But Canadian case law is hardly clear on the issue of image appropriation, as the tort is only a quarter-century old, and only a handful of cases have ever gone to trial. None have addressed the non-celebrity question.

Meanwhile, Frank Monteleone, an intellectual property specialist with Toronto law firm Cassels Brock & Blackwell, says more such cases are being brought forward all the time, although they rarely go to trial. One possible explanation for the increase, he says, may be that the public is becoming more familiar with the law and are more aware of their rights than they were in the past.

However, another explanation offered up is that the quickening pace of business in the advertising world and the pressure it puts agencies under to turn their work around quickly may be encouraging some to cut corners. The result may be that time-pressured agency personnel deliberately neglect to obtain consent from the people whose images are captured in photographs intended for commercial use.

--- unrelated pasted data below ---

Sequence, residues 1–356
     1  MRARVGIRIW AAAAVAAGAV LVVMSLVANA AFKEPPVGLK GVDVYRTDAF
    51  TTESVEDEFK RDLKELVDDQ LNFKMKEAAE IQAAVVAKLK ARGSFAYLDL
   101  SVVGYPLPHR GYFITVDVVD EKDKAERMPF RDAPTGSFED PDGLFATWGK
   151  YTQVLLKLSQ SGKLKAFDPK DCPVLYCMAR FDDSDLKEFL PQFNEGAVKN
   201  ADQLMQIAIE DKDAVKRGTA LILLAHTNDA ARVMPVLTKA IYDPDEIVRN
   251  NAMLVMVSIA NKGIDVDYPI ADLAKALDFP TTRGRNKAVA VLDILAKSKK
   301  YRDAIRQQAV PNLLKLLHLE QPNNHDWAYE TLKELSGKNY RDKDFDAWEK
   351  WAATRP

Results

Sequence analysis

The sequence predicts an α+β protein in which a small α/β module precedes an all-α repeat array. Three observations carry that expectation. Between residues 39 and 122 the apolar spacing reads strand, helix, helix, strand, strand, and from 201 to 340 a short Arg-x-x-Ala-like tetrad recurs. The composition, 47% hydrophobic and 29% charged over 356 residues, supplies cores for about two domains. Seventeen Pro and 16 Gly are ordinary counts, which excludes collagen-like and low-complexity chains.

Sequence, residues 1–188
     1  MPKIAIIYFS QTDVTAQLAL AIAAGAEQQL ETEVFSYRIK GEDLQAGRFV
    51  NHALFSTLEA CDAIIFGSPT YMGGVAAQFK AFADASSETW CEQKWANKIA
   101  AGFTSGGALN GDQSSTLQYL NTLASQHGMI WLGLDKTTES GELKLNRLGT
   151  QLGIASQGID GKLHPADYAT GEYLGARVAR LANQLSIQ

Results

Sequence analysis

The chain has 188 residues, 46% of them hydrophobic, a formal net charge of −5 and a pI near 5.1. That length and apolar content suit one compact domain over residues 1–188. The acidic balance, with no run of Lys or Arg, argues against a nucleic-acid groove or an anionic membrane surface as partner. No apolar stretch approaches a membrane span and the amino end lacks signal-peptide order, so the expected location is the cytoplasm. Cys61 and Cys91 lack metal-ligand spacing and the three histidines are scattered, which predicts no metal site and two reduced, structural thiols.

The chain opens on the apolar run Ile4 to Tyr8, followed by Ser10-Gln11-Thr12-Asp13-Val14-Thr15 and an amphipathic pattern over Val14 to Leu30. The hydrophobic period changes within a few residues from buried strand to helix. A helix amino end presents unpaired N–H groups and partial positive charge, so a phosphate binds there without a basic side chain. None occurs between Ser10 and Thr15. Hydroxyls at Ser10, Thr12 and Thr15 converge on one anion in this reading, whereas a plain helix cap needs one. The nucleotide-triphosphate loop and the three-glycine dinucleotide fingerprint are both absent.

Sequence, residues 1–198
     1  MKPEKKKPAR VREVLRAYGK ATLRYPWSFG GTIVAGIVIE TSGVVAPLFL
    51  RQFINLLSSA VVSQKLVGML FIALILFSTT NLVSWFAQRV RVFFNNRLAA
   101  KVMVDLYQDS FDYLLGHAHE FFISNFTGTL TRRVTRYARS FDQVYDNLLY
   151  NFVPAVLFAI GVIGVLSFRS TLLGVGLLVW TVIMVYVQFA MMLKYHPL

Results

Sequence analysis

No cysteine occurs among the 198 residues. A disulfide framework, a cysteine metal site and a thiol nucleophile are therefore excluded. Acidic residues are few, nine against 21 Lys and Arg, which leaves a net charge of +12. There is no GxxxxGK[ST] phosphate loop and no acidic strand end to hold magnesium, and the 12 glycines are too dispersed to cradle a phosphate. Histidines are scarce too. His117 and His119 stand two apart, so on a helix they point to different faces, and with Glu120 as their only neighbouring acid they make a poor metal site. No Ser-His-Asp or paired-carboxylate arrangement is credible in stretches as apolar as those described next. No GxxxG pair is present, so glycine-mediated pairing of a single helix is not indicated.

‘The laws are vague,’ says John Speakman, a partner with Toronto ad agency The Ongoing Partnership. ‘I’ve spoken to photographers about it and they’ve found the same thing. There are all sorts of different definitions of what’s fair game and what isn’t and nobody seems to know the rules.’

From Karen Howe’s dining table: Creativity, COVID and Cannes

ICYMI, The Township's founder gathers the best of the best campaigns and trends so far.

Cannes Base Camp

By Karen Howe

I’m attending Cannes from the glory of my dining room table. There’s not a palm tree in sight, yet inspiration and intel are present in abundance.

Cannes Lions is a global cultural pulse check. The social course correction in the wake of the murder of George Floyd and BLM has delivered far greater diversity in the judging panels as well as the work. And we are all better for it.

I’m proud to say that creativity defeated COVID, which speaks to its power. Great work and big ideas flourished, despite unimaginable odds.

The work from the past two years spans a vast emotional range. From the profundity of Dove’s “Courage is Beautiful” to the hyper exuberance of Burberry’s “Festive,” they are opposite ends of the spectrum, but each answered a need in us.